Malware: Fraudsters can use malware to target online shoppers. They register for an affiliate scheme, then use malware to inject their affiliate codes into infected shoppers’ transaction processes, triggering payouts to the fraudster. Serving ads with infected code (known as malvertising) is one way that affiliate fraudsters can spread their malware. Those ads – purchased and served on other sites – can also infect the user’s machine with a click-generating virus, making it appear to the affiliate scheme operator that the fraudster has generated more clicks than they have.
A range of other types of affiliate fraud exist, from using stolen credentials to generate fake leads or make purchases to more complex schemes, meaning that any business that runs an affiliate scheme must be permanently on guard.
How Does Affiliate Fraud Work?
Affiliate fraud takes advantage of any partner payment model you have in place. Depending on how your company is rewarding affiliate marketers, fraudsters will find a range of ways to exploit your operations. Here is a granular look at some of the more pervasive cost-per exploits common among affiliate fraudsters:
- Cost-per-acquisition (CPA): the affiliate gets paid upon fulfillment of a sale. Huge CPA businesses include MoneySuperMarket and TripAdvisor, amongst others. Fraudsters will use stolen IDs and credit card numbers to finalize the conversion, often using bots to automate the process. This can incur huge chargeback fees for your company.
- Cost-per-lead (CPL): the affiliate gets paid upon completion of a registration form, subscription to a newsletter, or simply by delivering the right user data. Unscrupulous affiliates will deliver bad customer data, use bots to fill forms, and even give you opt-out lists instead of opt-ins.
- Cost-per-click (CPC): affiliates receive a rate based on the number of ad clicks. Fraudsters use bots to automate clicks, and find ways to direct unsuspecting users towards the clickable link.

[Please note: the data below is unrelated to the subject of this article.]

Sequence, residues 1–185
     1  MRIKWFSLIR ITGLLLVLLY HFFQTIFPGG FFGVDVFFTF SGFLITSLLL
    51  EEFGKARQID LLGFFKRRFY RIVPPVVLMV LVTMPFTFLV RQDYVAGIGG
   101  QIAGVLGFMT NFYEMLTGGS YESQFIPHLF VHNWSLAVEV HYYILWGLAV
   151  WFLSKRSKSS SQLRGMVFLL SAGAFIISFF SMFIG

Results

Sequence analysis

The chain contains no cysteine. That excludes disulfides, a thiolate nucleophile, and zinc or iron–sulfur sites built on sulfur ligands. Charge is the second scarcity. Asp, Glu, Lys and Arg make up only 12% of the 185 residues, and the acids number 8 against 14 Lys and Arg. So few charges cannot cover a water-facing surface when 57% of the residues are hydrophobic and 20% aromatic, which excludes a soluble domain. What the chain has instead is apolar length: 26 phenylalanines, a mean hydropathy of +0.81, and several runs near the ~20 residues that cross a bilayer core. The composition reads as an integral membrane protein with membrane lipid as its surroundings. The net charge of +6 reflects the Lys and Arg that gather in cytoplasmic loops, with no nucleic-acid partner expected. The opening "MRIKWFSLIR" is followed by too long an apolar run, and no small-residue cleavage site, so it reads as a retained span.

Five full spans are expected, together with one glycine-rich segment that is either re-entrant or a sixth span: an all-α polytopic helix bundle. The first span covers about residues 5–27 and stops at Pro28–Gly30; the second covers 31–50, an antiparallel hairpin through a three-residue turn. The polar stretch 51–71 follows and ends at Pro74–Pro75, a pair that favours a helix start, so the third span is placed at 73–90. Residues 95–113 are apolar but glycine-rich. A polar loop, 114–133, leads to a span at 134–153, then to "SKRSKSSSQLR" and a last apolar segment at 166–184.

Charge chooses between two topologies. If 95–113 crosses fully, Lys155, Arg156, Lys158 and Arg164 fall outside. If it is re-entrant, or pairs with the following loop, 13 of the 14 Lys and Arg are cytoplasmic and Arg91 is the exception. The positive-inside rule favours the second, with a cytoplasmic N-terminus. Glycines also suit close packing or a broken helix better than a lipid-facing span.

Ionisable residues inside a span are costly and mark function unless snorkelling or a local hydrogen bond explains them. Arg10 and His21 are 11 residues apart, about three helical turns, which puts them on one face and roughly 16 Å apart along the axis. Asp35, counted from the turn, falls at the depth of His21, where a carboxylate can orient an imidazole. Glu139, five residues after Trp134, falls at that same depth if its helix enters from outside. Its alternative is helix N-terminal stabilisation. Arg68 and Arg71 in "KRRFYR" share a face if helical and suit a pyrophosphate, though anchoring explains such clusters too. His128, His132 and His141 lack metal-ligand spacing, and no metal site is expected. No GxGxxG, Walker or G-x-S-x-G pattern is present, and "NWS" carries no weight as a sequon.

- Cost-per-impression (CPM): the M in that case, stands for Mille, referring to every thousand impressions. Fraudsters will create fake websites and use bots to increase the number of ad “views”, and even layer multiple ads on top of each other to count as impressions.·
- Influencer model: you offer freebies to an online personality with enough of an audience. But of course, here again fraudsters have no qualms about creating fake accounts and boosting their numbers with bot views and comments. A whole cottage industry of social profile boosting exists for that purpose.
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How Affiliate Fraud Impacts Businesses
If you’ve unwittingly entered into an abused affiliate agreement between a fraudster and your organization, you may find that:
- Bots, misused tracking cookies and other technical challenges are playing havoc with your web analytics.
- You’re missing precious marketing dollars.
- Your ad campaign KPIs are becoming hard to measure, and possibly even nonsensical.
These are all the result of affiliate fraud – but the pain doesn’t end there. In the worst-case scenario, you may be found responsible for negligence by entering into an affiliate agreement with fraudsters in the first place.
This could put you at the mercy of fines and other repercussions for noncompliance with Know Your Customer (KYC) and anti-money laundering (AML) regulations. Such penalties bring a significant financial and reputational burden.
Plus, you could find yourself losing yet more money if you also offer signup bonuses, because the exposure of your online weaknesses to affiliate fraud may encourage criminals to try similar attacks such as promo abuse. Both activities are about taking advantage of weak web security and analytics, after all.
Finally, there is also the loss of staff and operational resources. Instead of focusing on achieving key business aims, you can end up bogged down trying to untangle your analytics, refocus your marketing activities and spot the myriad ways that affiliate fraudsters have been siphoning money out of your business.
3 Ways to Detect Affiliate Fraud
If affiliate fraudsters are targeting your business, you want a three-pronged approach to check the quality of your marketing partner. Ideally, your fraud prevention solution should be able to deliver the following tools:
Monitor the Traffic
The first step is to keep track of traffic quality. Make sure your system allows you to log affiliate IDs, and that you get an accurate view of how many of the users they bring. You should also know how many of their visitors go through the conversion stage successfully.
In the screenshot above, we can clearly see that each merchant (or affiliate) brings in users whose transactions are approved, reviewed, or declined. These three results can of course be automated by your fraud prevention system.
But the key point is that after logging every conversion for a while, you’ll have enough data to start separating good affiliates from bad ones.